SK: What have been the most rewarding and challenging parts of your work?
AK: I cannot imagine a more exciting time in history to be a transgender advocate. The discussion of gender identity and expression is in mainstream American discourse for the first time in history. Instead of a myopic view of the transgender community only being comprised of drag queens and sex workers, the American public is developing a broader view of people in the transgender community that represents the diversity of experiences of transgender people.
This collective curiosity and interest has been rewarding because it has provided an opportunity to give voice to the experiences of transgender people and to win policy changes for transgender people. However, the heightened visibility of transgender people has also made transgender people more frequently targets for violence and discrimination. Far too often the targets of this violence are black and Latina transgender women. It has been a challenge to see so much oppression directed at the transgender community while seeing so few solutions for improvement being implemented and even fewer resources from government agencies and charitable foundations reaching the most affected transgender individuals. Even TLC, the largest transgender organization in the world, can only afford to provide direct representation to a small percentage of the people that request legal help. Moreover, as an individual advocate, I have often felt that there are not enough hours in the day to help all of the individuals that reach out to me for help.
SK: In what ways has working for the Transgender Law Center reaffirmed or changed your views about transgender rights in the U.S.?
AK: Working for TLC provided me with a more expansive view of what the transgender community looks like in the United States. Growing up transgender in the Black community in Jacksonville, Florida was quite an isolating experience that left me with the feeling like I was one person in a very small community of transgender people. I truly feared what the future would look like if I decided to come out. I wondered: “Would I be able to find a job? Would I be safe in public?” While I still have these fears and many others, working aside and meeting a wide variety of transgender people from all walks of life has given me a better appreciation of the resilience and vibrancy of the transgender community.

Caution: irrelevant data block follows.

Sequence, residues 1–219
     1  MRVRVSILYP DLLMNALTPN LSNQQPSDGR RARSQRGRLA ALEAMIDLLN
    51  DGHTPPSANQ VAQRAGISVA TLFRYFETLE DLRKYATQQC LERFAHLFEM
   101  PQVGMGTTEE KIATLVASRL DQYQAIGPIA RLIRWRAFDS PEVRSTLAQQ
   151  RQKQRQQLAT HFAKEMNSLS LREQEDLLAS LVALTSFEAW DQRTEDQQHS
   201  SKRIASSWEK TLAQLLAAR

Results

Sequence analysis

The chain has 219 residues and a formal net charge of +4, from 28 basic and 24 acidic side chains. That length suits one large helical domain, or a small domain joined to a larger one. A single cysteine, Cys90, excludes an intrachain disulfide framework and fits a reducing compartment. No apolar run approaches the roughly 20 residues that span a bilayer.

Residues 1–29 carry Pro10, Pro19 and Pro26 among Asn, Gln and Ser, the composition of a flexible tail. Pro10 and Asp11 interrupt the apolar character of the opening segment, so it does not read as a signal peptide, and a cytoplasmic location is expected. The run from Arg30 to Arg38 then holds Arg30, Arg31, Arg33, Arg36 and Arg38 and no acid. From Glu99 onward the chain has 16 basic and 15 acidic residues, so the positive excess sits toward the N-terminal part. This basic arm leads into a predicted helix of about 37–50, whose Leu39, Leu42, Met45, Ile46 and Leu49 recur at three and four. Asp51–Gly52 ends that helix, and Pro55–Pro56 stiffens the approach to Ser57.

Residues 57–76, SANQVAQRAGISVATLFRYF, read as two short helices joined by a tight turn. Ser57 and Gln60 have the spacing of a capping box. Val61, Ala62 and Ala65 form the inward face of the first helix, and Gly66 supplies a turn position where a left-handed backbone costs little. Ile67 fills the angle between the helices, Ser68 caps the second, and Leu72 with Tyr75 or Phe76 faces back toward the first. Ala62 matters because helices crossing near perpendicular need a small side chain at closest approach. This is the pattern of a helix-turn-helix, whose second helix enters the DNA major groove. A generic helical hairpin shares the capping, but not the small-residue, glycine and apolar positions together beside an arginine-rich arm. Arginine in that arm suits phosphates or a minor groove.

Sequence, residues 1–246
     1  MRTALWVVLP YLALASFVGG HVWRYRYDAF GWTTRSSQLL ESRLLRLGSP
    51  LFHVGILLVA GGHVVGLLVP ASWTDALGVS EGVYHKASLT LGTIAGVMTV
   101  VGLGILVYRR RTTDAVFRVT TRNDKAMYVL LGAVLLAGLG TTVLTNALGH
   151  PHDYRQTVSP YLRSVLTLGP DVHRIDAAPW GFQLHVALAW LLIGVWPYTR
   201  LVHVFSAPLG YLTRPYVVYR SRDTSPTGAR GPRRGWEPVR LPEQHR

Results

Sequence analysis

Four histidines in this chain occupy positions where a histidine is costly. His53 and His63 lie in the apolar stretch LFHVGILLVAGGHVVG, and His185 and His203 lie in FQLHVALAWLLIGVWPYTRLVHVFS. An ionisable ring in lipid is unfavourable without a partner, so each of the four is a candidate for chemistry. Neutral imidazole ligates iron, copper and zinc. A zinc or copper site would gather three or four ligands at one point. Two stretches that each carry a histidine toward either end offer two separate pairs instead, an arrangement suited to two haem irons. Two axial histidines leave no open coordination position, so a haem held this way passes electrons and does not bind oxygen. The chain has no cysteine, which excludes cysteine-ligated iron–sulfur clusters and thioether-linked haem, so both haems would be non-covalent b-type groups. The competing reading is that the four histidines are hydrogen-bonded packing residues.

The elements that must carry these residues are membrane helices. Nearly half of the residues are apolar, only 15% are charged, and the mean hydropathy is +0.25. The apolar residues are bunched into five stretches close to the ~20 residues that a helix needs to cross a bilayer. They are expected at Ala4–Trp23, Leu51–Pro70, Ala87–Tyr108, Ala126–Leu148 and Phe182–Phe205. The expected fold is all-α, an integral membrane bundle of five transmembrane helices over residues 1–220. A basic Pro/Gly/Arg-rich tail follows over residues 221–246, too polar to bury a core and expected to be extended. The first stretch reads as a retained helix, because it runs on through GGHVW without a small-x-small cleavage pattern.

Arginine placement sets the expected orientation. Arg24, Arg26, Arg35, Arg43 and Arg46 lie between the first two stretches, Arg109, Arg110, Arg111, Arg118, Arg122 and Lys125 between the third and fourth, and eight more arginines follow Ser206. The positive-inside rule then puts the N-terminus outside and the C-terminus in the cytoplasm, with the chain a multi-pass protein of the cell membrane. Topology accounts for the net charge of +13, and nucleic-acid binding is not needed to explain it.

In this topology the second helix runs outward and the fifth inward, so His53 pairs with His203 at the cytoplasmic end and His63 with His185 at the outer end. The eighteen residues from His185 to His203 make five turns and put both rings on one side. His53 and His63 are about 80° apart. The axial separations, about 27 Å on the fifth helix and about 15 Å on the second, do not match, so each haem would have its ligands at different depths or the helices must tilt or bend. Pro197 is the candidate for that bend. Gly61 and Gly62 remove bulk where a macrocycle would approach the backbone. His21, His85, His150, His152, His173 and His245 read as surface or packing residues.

SK: What advice do you have for students who want to work on transgender issues?
AK: Expand your idea of what it looks like to work on transgender issues to be broader than just full-time employment for a non-profit organization that works on transgender issues. Opportunities for employment in this area are slim and the vast majority of people working on transgender issues are not working at a non-profit organization. The transgender rights movement needs people advocating for change in all fields, not just in the non-profit world. It also needs people who are transgender and those who are not. It needs people from all races and socio-economic backgrounds.
The first place to start is self-education of transgender issues and a close examination of how transgender issues are connected to your community and your lived experience. While some people will have a close connection to the issues from their personal background, we all have a part to play in staying better informed about transgender issues and looking for ways to improve the experiences of transgender people in our communities.